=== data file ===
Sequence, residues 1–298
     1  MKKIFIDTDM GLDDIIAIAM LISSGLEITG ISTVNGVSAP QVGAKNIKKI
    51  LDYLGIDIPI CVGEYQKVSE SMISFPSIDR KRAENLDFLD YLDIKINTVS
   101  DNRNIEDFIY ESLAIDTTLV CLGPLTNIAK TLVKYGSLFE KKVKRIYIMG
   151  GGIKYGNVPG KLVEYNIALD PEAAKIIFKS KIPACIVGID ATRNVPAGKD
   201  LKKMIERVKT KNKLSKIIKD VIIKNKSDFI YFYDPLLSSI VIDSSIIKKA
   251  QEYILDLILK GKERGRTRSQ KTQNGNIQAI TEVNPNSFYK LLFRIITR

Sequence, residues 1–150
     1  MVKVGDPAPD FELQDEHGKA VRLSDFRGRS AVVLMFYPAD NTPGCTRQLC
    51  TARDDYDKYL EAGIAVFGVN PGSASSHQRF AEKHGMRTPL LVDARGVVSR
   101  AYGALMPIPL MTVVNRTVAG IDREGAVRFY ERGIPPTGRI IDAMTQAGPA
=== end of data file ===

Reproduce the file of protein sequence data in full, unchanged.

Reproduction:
Sequence, residues 1–298
     1  MKKIFIDTDM GLDDIIAIAM LISSGLEITG ISTVNGVSAP QVGAKNIKKI
    51  LDYLGIDIPI CVGEYQKVSE SMISFPSIDR KRAENLDFLD YLDIKINTVS
   101  DNRNIEDFIY ESLAIDTTLV CLGPLTNIAK TLVKYGSLFE KKVKRIYIMG
   151  GGIKYGNVPG KLVEYNIALD PEAAKIIFKS KIPACIVGID ATRNVPAGKD
   201  LKKMIERVKT KNKLSKIIKD VIIKNKSDFI YFYDPLLSSI VIDSSIIKKA
   251  QEYILDLILK GKERGRTRSQ KTQNGNIQAI TEVNPNSFYK LLFRIITR

Sequence, residues 1–150
     1  MVKVGDPAPD FELQDEHGKA VRLSDFRGRS AVVLMFYPAD NTPGCTRQLC
    51  TARDDYDKYL EAGIAVFGVN PGSASSHQRF AEKHGMRTPL LVDARGVVSR
   101  AYGALMPIPL MTVVNRTVAG IDREGAVRFY ERGIPPTGRI IDAMTQAGPA